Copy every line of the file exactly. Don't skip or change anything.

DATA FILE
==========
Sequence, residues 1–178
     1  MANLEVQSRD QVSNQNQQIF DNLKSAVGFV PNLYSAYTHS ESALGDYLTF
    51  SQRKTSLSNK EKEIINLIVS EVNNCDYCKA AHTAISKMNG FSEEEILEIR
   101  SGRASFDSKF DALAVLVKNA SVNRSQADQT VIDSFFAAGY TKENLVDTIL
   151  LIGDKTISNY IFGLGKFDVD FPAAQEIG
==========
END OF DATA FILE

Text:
Sequence, residues 1–178
     1  MANLEVQSRD QVSNQNQQIF DNLKSAVGFV PNLYSAYTHS ESALGDYLTF
    51  SQRKTSLSNK EKEIINLIVS EVNNCDYCKA AHTAISKMNG FSEEEILEIR
   101  SGRASFDSKF DALAVLVKNA SVNRSQADQT VIDSFFAAGY TKENLVDTIL
   151  LIGDKTISNY IFGLGKFDVD FPAAQEIG